Andy Rotherham:

We should disagree more. It's fun. We'll do, we'll, we'll find, we'll find more of these. Lynn, before we move, we've got to wake Lynn up. Um, uh, uh, before we move to the reason we had, we invited you on, like, is it true that everything you need to understand about adult relations, you can learn by hanging out in a high school cafeteria? Are you asking me that question? Yeah. Do you agree? Do you agree with our jet? That's the way that's the place. Jed and I agree that like basically all you need to learn how people are going to behave. You can learn in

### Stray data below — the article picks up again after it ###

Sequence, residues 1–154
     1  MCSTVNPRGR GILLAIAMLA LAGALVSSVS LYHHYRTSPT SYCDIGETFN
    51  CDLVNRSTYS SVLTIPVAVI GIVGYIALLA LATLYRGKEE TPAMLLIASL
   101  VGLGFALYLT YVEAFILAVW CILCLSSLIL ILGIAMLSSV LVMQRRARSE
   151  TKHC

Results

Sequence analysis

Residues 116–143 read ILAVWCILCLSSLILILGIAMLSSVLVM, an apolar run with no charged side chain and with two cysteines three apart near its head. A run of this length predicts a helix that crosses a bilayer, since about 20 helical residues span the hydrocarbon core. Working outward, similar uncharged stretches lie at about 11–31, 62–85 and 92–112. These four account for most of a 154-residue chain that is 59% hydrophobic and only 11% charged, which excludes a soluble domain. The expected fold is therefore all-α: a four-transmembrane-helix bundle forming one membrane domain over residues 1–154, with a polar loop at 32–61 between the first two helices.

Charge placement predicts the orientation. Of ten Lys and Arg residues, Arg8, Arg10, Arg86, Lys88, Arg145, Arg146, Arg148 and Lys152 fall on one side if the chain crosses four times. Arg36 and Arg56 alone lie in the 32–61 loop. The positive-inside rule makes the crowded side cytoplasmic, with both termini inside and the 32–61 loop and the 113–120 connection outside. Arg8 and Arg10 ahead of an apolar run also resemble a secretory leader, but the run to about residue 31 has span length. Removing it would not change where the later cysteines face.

Lynne Graziano:

That's an interesting theory. Uh, probably. I mean, It's got some merit. It

Andy Rotherham:

explains Congress, right?

Lynne Graziano:

Yeah,

Andy Rotherham:

for sure. How Congress works. You got the

Lynne Graziano:

dynamics.

Andy Rotherham:

Yeah. You got the nerds, the jocks, the cool kids, like the bullies. Yeah,

Jed Wallace:

I mean, I'm not sure if it describes all of humanity, but it certainly describes People working in ed policy Yeah

Andy Rotherham: